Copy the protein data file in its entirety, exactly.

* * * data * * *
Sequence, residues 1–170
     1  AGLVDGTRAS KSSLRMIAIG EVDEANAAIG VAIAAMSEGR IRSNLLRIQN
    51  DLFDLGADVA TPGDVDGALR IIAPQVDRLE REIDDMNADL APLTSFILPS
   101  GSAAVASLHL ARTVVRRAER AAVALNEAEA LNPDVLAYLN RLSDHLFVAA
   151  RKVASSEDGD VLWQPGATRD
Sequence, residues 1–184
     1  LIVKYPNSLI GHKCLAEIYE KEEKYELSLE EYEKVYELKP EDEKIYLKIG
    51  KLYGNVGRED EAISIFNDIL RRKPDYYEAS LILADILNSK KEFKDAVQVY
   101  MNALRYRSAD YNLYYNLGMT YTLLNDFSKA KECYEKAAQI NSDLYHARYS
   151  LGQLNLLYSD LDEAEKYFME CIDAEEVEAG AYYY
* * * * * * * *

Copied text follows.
Sequence, residues 1–170
     1  AGLVDGTRAS KSSLRMIAIG EVDEANAAIG VAIAAMSEGR IRSNLLRIQN
    51  DLFDLGADVA TPGDVDGALR IIAPQVDRLE REIDDMNADL APLTSFILPS
   101  GSAAVASLHL ARTVVRRAER AAVALNEAEA LNPDVLAYLN RLSDHLFVAA
   151  RKVASSEDGD VLWQPGATRD
Sequence, residues 1–184
     1  LIVKYPNSLI GHKCLAEIYE KEEKYELSLE EYEKVYELKP EDEKIYLKIG
    51  KLYGNVGRED EAISIFNDIL RRKPDYYEAS LILADILNSK KEFKDAVQVY
   101  MNALRYRSAD YNLYYNLGMT YTLLNDFSKA KECYEKAAQI NSDLYHARYS
   151  LGQLNLLYSD LDEAEKYFME CIDAEEVEAG AYYY